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Things You Should Never Order When You Eat Out

deonna.molina | September, 5, 2017

From sneaky sodium traps to dicey dishes that put you at risk for food poisoning, these are the menu item you’re better off skipping.

 

You know to pass on the deep-fried food and the dessert the size of your head, but what about the green smoothie or the yogurt parfait? Restaurants have a way of loading calories and sugar into healthy-sounding orders. And then there are food safety issues to consider; some menu items carry a higher risk of foodborne illness than others. To help you order smarter the next time you eat out, I have compiled this list of dishes to rule out.

 

The medium-rare burger:

When ground beef isn’t cooked to the proper temperature (160 degrees F), nasty bacteria may remain (think “fecal contamination”). According to a recent Consumer Reports study, an undercooked burger is riskier than an undercooked steak because harmful microbes tend to be mixed throughout ground beef, whereas with whole cuts of meat, the microbes are more likely to stay on the surface and die off when exposed to heat. Ask for your burger cooked to at least medium.

 

Rum (or vodka) and diet soda:

A small study from Northern Kentucky University found that pairing booze with a diet drink may actually enhance the effects of alcohol. Subjects who drank that combination had a 25% higher breath alcohol concentration than when they drank cocktails with a non-diet mixer. The researchers point out that the lower calorie count isn’t worth it. In addition to the obvious risks, eating while buzzed makes it harder to resist temptations.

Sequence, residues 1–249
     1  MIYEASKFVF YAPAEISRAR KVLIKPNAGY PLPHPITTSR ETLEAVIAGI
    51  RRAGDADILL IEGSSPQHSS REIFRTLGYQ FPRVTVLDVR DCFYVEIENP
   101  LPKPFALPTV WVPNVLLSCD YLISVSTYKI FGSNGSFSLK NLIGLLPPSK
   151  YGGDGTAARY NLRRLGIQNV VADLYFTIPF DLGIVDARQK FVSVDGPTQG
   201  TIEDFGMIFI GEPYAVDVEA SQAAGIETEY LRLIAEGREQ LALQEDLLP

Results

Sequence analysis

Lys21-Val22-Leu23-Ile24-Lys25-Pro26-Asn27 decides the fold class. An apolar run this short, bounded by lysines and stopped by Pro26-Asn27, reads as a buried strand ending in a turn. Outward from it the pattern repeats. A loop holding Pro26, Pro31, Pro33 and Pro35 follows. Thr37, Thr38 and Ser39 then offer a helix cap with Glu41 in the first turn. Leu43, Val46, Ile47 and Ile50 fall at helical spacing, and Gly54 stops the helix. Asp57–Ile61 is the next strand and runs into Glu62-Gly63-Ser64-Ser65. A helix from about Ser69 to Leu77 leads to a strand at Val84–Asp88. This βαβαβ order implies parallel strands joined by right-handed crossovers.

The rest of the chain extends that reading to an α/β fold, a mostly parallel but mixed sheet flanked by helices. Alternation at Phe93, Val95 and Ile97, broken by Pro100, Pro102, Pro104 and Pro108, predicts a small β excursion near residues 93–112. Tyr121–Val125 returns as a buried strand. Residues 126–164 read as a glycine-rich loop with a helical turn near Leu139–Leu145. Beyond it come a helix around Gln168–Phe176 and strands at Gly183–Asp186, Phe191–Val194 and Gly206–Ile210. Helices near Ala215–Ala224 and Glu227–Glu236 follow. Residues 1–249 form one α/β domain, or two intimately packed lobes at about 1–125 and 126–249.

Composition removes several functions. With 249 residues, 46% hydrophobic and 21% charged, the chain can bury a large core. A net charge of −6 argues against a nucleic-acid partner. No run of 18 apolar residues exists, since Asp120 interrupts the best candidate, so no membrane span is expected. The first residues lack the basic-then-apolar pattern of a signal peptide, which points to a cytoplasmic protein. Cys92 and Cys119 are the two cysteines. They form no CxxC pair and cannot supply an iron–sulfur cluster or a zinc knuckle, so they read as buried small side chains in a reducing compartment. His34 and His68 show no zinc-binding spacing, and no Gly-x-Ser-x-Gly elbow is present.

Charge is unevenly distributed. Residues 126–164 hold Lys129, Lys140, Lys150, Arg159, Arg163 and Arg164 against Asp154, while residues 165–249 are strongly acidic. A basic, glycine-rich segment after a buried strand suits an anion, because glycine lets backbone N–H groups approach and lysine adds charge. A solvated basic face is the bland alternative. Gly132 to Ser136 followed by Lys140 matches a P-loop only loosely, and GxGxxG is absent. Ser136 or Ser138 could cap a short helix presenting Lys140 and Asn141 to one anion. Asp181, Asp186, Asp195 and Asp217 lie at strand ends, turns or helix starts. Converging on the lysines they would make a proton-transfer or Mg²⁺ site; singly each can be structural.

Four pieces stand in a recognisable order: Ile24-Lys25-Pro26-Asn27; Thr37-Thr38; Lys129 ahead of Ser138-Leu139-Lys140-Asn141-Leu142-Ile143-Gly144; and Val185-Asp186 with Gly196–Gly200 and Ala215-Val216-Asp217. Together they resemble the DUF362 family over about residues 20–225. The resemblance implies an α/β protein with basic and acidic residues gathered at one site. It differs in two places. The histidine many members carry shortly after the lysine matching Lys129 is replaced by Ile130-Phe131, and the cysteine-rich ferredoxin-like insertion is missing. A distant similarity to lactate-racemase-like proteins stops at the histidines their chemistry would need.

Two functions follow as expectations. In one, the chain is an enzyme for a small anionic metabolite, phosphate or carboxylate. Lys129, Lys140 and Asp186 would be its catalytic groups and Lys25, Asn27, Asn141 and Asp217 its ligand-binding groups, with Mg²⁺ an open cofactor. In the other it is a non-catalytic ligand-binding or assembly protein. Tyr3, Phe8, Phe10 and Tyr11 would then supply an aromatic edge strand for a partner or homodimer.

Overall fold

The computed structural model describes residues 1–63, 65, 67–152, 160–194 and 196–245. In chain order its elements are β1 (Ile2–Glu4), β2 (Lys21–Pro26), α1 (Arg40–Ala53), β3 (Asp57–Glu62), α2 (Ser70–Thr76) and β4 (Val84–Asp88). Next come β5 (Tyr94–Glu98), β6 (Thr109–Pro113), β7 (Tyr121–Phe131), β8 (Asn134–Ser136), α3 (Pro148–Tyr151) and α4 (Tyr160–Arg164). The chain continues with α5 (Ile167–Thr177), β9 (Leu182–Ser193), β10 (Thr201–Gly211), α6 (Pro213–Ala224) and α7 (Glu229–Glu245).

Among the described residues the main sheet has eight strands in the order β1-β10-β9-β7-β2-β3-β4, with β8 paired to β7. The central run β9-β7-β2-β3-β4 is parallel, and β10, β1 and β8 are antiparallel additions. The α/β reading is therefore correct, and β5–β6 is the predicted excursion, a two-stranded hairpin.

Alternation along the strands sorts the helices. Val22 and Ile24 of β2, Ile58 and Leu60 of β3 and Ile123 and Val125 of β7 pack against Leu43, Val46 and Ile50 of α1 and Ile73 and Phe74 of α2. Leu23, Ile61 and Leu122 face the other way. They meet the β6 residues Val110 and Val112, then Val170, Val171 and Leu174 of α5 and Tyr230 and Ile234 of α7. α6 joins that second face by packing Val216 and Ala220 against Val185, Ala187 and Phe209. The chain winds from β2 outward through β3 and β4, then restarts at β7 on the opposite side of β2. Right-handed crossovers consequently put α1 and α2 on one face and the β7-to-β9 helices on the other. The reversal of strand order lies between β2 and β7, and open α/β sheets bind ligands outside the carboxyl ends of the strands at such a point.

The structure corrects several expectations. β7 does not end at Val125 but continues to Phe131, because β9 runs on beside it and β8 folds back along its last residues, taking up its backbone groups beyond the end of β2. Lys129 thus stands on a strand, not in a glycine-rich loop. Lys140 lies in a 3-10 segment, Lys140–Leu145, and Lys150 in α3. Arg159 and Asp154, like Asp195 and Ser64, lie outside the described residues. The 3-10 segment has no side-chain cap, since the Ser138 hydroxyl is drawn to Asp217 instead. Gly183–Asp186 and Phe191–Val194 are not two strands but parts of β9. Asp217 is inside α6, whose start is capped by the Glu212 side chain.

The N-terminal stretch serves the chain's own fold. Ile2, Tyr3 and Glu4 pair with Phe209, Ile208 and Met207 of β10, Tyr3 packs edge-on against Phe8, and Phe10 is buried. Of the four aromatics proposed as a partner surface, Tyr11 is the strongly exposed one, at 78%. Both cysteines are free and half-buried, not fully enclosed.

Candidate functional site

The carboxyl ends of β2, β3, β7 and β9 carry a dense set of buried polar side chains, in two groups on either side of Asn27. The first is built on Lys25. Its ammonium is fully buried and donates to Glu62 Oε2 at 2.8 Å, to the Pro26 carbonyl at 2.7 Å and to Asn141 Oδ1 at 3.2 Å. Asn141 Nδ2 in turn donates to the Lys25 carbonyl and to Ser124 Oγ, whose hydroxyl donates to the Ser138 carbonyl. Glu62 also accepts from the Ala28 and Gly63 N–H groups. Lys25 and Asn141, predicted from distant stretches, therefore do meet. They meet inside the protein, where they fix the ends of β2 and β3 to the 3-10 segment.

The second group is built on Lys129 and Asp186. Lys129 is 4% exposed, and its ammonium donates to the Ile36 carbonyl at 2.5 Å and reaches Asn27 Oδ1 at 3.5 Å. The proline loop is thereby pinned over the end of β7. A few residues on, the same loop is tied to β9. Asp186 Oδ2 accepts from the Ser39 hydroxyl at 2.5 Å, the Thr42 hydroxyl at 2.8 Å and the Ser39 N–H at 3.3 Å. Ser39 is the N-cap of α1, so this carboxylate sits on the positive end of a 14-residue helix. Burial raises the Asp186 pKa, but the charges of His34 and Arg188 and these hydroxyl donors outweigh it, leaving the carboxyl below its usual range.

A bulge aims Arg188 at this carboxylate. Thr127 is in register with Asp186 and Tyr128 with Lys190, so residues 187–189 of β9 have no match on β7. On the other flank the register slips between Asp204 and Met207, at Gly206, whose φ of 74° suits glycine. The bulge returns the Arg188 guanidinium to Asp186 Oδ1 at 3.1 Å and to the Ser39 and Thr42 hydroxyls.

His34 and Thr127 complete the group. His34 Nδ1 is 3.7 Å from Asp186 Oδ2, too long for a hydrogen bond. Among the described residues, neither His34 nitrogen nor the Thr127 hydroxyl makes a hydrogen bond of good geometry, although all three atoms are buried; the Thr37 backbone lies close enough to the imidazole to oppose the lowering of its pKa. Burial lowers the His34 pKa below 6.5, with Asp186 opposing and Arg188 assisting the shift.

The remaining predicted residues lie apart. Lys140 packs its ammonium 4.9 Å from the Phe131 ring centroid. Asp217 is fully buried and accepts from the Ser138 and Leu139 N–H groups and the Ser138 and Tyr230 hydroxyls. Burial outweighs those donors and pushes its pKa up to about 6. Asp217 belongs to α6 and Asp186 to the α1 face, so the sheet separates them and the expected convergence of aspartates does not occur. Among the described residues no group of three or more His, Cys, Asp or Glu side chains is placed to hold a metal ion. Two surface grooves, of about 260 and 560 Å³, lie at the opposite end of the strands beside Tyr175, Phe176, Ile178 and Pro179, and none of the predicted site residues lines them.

The value meal:

It can be tempting to order off the value menu at a fast food restaurant to get the most bang for your buck. But one double cheeseburger, fries, and a drink could add up to 1,100 calories and nearly 50 grams of fat. And chowing down may have immediate consequences. Research from the Journal of Nutrition found that after healthy people ate a high-fat meal, their blood pressure was higher when faced with a stressor compared to when they ate a low-fat one.

 

A doggie bag—if you’re not headed straight home

Cooked foods should not be at room temperature longer than two hours. When cooked foods are between 40 degrees F and 140 degrees F, that’s when bacteria rapidly multiply to the point where you can get really sick. If you’re going out to a concert or a movie after dinner, don’t bother packing up your leftovers. Leaving the doggie bag in the car is just asking for trouble.

 

Drinks with free refills:

Having seltzer? Fine. Black coffee? Also good (just limit yourself to about three cups). But soda or sweetened ice tea? Not so much. A soda at a popular restaurant chain packs around 120 calories. Not bad—until you consider it has 33 grams of sugar, the equivalent of more than 8 teaspoons of the white stuff. Get one refill or two, and you’ve suddenly sucked down 24 teaspoons of sugar. That’s four times the amount of added sugar the American Heart Association recommends women have in an entire day.

 

Fro-yo: